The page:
Updated: May 4, 2020
Running out of things to do with the kids? Whether your littles are home temporarily, due to the Coronavirus outbreak, or it's simply time for summer vacation, it’s easy to run through the list of fun things to do. If you're left wondering what’s next, there is always something for kids to learn in the kitchen.
Building simple cooking skills early (like Susie) often means kids are able to do more on their own at a younger age. Many students report having little to no cooking skills by the time they go to college, leaving them to rely on processed snacks and unhealthy take-out options. These are basic life skills that all independent adults need to learn. Children who develop cooking and food prep skills early on build healthy habits that carry them through life.
Got a picky eater? Studies show that kids who are part of the meal planning and cooking process are more likely to try new things. If a child invests time in cooking, they will be more curious about trying the end product. More on that in this New York Times article.
What should we make?
Pick a variety of recipes with healthy ingredients, like the ones below, to model good behaviors. As a kid, my mom taught me how to measure and bake. We often experimented with new recipes, and she gave me the freedom to make some up on my own. I am an intuitive cook now because of what I learned then (Thanks Mom!). Although I tend to burn baked goods, at least I know the rest!
Depending on the age and current skill level of your child, use your discretion on appropriate tasks and tools, and always supervise. If you're just starting out, be sure to teach your child the basics of cutting, measuring and being mindful of food safety. This short video can help!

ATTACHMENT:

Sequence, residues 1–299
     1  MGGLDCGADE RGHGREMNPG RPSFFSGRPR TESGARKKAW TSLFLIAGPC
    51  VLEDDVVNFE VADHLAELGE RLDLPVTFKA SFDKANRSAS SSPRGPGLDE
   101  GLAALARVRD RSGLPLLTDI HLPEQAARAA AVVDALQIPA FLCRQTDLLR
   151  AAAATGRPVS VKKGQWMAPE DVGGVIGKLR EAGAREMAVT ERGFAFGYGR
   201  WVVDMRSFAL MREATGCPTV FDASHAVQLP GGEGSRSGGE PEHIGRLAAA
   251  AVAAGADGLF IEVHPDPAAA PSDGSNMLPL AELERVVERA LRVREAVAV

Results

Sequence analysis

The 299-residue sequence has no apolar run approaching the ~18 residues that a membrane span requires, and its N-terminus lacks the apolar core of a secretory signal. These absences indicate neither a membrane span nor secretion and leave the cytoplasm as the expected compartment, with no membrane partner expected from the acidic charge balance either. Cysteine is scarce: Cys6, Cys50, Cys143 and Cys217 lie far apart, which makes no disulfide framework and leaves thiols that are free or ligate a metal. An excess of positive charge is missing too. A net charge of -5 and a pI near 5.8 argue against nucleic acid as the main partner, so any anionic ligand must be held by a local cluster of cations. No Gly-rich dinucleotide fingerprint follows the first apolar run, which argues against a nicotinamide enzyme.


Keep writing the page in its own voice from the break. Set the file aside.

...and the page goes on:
Now you're ready to get started! Here are a 5 easy recipes to get your kids in the kitchen.
Let your child measure the cocoa powder, or for advanced students, cut and pit the avocado. No matter the age, your child will love watching it blend in the food processor, but not as much as eating the final product!
Young chefs can help wash the strawberries, and advanced kids can cut and blend! Makes a great mid-afternoon project and snack.
by Bracha at Beekay Nutrition
Chickpeas are loaded with fiber and protein. Alone, they're a little boring, but adding just the right spices kicks it up a notch! Try this spice combo, or experiment with creations of your own.
by Chrissy at Dairy Free For Baby
The sky is the limit on this recipe. Have your child choose the variety of seeds and additives that you use. Children can watch it bake through the oven door and provides a brief moment of peace for you!
by Bracha at Beekay Nutrition
Looks like dessert plus the added fiber and nutrients of chickpeas. Kids will have a blast rinsing the beans and eating the result! Don't forget to teach your littles how to clean up the mess.
Whatever skills you decide to teach your kids, keep it consistent! Most of these recipes take very little time, so take even a few minutes each week to work on improving culinary skills. Not only will you build your child's independence, you boost confidence and self-esteem. You might even earn a few minutes to yourself!
Got an hour? Schedule a virtual nutrition counseling session!